Today, 14 women came to Casa Alitas.
One of them is a Roma (commonly known as Gypsy) woman who speaks Italian. I’ll call her Perla. Perla likes to talk and she doesn’t really care if you can understand her. I was talking with another guest about her situation and she broke down into tears. Perla was trying to be supportive, I think, so she would make a whole speech then look at the woman, at me, at the other volunteers, waiting for us to respond. We would all nod solemnly in agreement, wondering silently what she was talking about.
I had to go to the store to buy some undies for the women, and Perla asked to go with me so she could buy some cigarettes. When we got in the car, she asked me a few questions, like how old I was, and whether I had kids. I think my ability to answer these questions gave her a false sense of how much Italian I actually understand.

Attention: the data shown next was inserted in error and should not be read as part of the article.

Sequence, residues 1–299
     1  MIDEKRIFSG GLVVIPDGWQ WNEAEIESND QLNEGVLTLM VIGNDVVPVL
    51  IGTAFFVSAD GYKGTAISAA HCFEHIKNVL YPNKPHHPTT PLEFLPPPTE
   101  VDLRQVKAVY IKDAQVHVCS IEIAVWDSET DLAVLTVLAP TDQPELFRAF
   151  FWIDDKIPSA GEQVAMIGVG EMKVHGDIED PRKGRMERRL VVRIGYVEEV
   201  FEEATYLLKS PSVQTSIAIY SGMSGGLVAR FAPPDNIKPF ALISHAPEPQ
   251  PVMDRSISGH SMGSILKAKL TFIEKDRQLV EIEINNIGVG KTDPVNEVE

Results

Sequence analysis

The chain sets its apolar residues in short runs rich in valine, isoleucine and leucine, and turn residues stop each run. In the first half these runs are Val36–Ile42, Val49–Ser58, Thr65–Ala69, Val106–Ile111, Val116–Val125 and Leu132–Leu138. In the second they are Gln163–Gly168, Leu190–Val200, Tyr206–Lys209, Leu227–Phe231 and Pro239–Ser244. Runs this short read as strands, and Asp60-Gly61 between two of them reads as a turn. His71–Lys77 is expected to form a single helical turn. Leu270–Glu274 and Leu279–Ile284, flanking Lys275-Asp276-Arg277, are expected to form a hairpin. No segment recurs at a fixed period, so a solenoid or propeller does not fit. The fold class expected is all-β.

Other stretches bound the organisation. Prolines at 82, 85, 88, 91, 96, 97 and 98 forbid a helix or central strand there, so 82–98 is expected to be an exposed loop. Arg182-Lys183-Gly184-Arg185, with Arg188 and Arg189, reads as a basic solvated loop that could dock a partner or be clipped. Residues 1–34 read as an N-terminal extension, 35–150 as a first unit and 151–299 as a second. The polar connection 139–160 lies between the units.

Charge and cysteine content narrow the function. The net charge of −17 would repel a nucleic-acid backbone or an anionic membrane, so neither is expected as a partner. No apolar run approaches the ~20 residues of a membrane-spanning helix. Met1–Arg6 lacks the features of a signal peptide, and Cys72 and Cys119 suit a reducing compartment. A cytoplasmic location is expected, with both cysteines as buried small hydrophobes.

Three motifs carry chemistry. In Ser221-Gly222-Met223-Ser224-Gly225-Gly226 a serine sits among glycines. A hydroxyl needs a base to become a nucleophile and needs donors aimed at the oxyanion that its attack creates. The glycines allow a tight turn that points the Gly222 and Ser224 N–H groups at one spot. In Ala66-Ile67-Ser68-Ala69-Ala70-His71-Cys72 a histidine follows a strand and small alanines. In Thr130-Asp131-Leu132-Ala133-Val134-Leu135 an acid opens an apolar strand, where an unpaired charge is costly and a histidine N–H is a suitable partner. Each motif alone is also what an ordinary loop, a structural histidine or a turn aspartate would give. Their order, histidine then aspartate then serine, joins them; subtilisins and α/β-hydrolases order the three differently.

She talked nonstop for the whole 10 minute ride to Walmart. I caught quite a bit of it, and after the bits I understood, I’d give an ah or an uh-huh or an ay, no. This would encourage her and she’d begin to talk faster, waving her hands to illustrate her point or making the sign of the cross (she did this so many times, that I feel my car is now super blessed). Then she would burst into wild laughter, and I would too at the absurdity of the situation. She’d pat my arm like we were sharing a real knee-slapper, and then continue to tell me stories.
This job has a lot of moments where I have to step back, look at myself, and just take a minute to appreciate how bizarre my life has become. Walking around Walmart with a cart full of 40 pairs of underwear and 10 bottles of various household cleaners, while chatting with a Roma woman in a mix of Italian and Spanish was definitely one of those moments.